How Early Electricians Hardwired Homes Before Romex

How Early Electricians Hardwired Homes Before Romex


As an early 20th century electrician, wiring homes before the invention of Romex cable was a challenging task that required patience, skill, and resourcefulness. In this article, I will take you on a journey back in time to walk through the step-by-step process of how I hardwired homes in the early days of residential electricity. From pulling armored cable to fabricating custom switch boxes, every detail will be covered to give you an in-depth look at the blood, sweat, and tears that went into bringing power to homes across America. Stick with me through the nitty-gritty of knob and tube wiring, and you’ll gain a true appreciation for modern electrical conveniences we now take for granted.

Wiring Systems Before Romex

Prior to the 1920s, homes did not have anything resembling the flexible Romex cables we use today. Early electricians had to work with stiff, heavy, and difficult-to-install armored cable (AC) or use open, exposed wiring systems like knob and tube.

Armored Cable (AC)

AC cable consisted of insulated copper conductors wrapped in a spiral metal armor. It was hard to maneuver around corners and through wood framing. Installing AC cable involved:

The metal armor grounded the system and protected against damage, but it also made AC cable bulky and rigid.

Knob and Tube Wiring

This early wiring method used individual rubber-insulated wires run through porcelain knobs attached to framing.Air provided insulation between hot and neutral wires. Key steps for knob and tube installation:

While this system worked well when properly installed, the exposed hot wires posed a shock hazard. Space constraints could also make running two separate wires difficult.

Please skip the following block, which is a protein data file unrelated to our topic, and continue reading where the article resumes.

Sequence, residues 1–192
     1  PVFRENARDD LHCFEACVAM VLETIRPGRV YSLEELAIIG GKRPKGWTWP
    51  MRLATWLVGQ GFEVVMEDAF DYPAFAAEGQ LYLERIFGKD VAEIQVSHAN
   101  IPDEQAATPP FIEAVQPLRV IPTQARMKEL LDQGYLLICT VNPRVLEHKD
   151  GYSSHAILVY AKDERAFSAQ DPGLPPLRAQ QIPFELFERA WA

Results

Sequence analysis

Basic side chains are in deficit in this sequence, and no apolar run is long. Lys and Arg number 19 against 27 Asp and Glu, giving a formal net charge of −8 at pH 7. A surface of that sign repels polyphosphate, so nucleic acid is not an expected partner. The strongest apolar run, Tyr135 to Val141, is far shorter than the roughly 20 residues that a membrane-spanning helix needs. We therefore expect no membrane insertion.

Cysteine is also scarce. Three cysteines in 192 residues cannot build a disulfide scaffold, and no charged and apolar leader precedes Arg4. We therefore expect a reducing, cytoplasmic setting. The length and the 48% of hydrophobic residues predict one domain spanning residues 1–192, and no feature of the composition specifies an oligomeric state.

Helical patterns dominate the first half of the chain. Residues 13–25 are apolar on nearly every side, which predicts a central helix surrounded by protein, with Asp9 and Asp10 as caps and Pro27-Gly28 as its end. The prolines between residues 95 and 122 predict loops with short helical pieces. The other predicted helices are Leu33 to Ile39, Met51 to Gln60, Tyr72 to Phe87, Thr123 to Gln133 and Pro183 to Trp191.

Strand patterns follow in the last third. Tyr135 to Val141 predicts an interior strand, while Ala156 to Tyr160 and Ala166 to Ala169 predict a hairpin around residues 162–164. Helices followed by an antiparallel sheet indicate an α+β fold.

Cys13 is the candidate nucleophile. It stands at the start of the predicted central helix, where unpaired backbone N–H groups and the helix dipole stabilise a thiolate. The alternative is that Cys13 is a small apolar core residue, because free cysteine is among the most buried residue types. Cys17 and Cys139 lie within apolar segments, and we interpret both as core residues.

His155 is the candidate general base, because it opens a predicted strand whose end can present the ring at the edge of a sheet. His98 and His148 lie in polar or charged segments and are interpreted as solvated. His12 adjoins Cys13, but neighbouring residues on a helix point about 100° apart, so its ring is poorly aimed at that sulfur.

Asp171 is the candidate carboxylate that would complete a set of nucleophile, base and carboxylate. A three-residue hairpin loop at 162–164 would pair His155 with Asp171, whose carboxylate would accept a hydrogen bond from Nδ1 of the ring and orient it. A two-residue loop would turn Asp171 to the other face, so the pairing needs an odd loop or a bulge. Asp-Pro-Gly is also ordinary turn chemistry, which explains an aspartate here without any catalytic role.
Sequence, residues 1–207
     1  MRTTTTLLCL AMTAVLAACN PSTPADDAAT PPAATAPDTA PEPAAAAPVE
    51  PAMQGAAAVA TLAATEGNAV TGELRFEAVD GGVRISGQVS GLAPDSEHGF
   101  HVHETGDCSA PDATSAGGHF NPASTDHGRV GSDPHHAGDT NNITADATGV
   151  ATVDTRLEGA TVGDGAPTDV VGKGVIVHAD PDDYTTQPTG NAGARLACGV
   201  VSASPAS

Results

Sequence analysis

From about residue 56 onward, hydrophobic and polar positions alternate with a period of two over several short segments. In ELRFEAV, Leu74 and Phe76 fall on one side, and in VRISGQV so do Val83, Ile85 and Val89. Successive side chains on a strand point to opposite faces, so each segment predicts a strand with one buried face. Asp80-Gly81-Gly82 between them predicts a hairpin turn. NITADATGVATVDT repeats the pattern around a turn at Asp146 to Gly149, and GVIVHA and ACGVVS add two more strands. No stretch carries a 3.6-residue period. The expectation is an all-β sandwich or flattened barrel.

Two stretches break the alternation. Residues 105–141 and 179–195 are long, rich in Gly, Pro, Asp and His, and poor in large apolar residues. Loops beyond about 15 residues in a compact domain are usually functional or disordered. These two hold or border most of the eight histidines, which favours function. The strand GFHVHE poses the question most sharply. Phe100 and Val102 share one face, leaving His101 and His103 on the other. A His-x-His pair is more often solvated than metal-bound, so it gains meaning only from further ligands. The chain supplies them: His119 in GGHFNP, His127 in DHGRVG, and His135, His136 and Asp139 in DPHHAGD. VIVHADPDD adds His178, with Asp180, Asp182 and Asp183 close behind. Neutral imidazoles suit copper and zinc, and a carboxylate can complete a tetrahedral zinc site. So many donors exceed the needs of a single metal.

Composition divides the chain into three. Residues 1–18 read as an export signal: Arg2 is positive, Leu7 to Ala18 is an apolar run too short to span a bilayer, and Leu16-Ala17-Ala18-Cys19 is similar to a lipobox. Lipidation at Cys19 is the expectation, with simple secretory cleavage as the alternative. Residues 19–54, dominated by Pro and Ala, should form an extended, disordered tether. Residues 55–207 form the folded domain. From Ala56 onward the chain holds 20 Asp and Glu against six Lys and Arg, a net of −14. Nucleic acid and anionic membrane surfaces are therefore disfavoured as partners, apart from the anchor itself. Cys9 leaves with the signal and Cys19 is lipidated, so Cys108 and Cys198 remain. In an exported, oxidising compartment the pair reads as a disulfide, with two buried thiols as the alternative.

Fabricating Custom Boxes and Conduit

With no Romex or off-the-shelf electrical boxes, I had to fabricate custom switch and outlet boxes myself. This was a laborious process of joining pieces of metal conduit and cutting holes for device mounting.

Metal Conduit

Various diameters of threaded rigid metal conduit were available to protect wires through framing and masonry. I would measure and cut pieces to length for each box using hacksaws and pipe cutters.

Junction Boxes

Constructing a metal junction box involved:

Running Conduit

After fabricating boxes, I ran conduit between them to enclose and protect wires:

It was challenging fishing wires through long conduit bends. Proper threading and sealing were crucial to prevent shorts.

Installing Early Wiring Devices

The switches, outlets, and light fixtures of the early 1900s were also much different than modern options.

Knife Switches

These switches required manually sliding blades onto metal contact clips to complete circuits. They created sparks and needed to be fully enclosed.

Porcelain Light Sockets

Early Edison-style bulbs screwed into porcelain sockets. Wiring them meant connecting hot and neutral wires with set screws on the sides.

Two-Prong Outlets

Receptacles had just two prongs and no ground. Some even lacked a neutral and got by with just a hot. Any appliances used needed compatible two-prong plugs.


And there you have it - a glimpse into the challenging world of wiring homes before Romex simplified everything. It makes me appreciate being able to pull easy-to-work-with cables through finished walls. Can you imagine having to fabricate all your own boxes and conduits from scratch? The next time you install a modern plastic switch box in minutes, take a moment to thank early electricians like myself who did things the hard way. Our blood, sweat, and tears paved the way for the convenience you enjoy today!